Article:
Ho Ho Ho

Equities rallied in the wake of the Federal Reserve’s policy announcement.  Treasury yields declined further last week.  In the Fed’s statement, Chair Powell’s press conference and the dot plot, the Fed is done raising rates, they’re not looking at a recession, the job market will remain firm through the forecast horizon, and inflation will continue to fall toward target setting up rate cuts (75 bps) next year.  Happy days are here!  Well, if an investor waited for this to invest, you’ve missed almost 1200 S&P 500 points up since the October 2022 low.

Seven tech megacaps—Microsoft, Apple, Alphabet, Nvidia, Tesla, Meta, and Amazon—have surged a combined 75% in 2023.  The other 493 companies in the S&P 500 have gained 12%. The Magnificent Seven account for nearly 30% of the entire index’s value, per the WSJ.   The S&P500 jumped +2.5% last week to within earshot (1.6%) of its all-time peak while extending its weekly winning streak to seven, and the NASDAQ stretched its year-to-date gain to 42%.

That said, the Fed will need to see further progress on inflation before they start cutting rates, which is one reason why we think they might not come quite as soon as the market now expects. But, market psychology has still been dealt a meaningful win—that is, there’s certainty now in knowing what the worst-case interest rate conditions are for this cycle. Indeed, the bond market has now quickly gone ahead and priced in almost a full 25 bp Federal Reserve rate cut by March 2024, with 150 bps of easing expected by the end of next year. This has now pulled 2-year Treasury yields down about 80 bps from the October high, and 10-year yields down about 110 bps since touching 5% around that same time. Suffice it to say that this marks a significant easing in financial conditions, and we’ll see if the Fed lets it run, or if they come out and start talking down these rate-cut odds.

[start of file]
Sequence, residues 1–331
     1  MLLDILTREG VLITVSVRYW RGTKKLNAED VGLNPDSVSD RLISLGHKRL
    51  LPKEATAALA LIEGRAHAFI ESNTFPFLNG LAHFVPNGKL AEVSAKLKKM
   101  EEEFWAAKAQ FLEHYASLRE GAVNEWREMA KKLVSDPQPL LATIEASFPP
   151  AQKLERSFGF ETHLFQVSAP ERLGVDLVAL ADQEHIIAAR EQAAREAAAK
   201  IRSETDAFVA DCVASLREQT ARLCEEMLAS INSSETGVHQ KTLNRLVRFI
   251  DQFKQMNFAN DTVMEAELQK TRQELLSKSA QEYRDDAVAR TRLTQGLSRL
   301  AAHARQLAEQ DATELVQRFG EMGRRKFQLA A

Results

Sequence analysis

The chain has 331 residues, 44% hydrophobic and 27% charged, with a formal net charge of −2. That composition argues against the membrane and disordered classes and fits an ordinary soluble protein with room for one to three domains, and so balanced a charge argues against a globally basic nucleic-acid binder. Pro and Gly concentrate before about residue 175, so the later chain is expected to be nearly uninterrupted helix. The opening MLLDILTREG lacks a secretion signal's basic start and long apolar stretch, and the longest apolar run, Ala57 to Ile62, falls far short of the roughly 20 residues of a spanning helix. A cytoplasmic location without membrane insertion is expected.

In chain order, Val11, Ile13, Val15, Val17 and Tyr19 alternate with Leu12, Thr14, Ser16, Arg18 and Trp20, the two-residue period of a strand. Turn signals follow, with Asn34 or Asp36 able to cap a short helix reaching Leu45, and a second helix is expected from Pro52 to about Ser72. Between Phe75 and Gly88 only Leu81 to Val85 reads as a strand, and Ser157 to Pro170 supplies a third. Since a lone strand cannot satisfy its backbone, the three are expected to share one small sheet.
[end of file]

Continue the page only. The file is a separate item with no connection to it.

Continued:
The S&P 500 ended the week at 4,719 up from the prior Fridays close at 4,604.   All sectors gained for the week, led by real estate’s +5.3% surge as mortgage applications continued their upward trend, with 30-year fixed interest rates on conforming loan balances falling to their lowest level since July.  Materials jumped +4%, while communication services saw the only drop for the week, down 0.1%.

Industrials, consumer discretionary, and financials gained more than +3% each for the week. Technology advanced +2.5% despite a -9.1% plunge in Oracle (ORCL) and a -4.2% drop in Adobe (ADBE). Oracle’s fiscal Q2 revenue fell short of Wall Street’s expectations, while Adobe’s annual sales outlook missed market estimates.

Energy was up +2.4%. Global demand for oil is continuing to slow, the International Energy Agency said Thursday, a day after the Organization of the Petroleum Exporting Countries left its oil consumption forecasts unchanged.  Consumer staples rose +1.6%, while health care added +1.5% despite a -7.5% slump in Pfizer (PFE) as the drugmaker issued a downbeat full-year earnings outlook.

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WEEK ENDING 12/15/2023 

WEEK ENDING 12/15/2023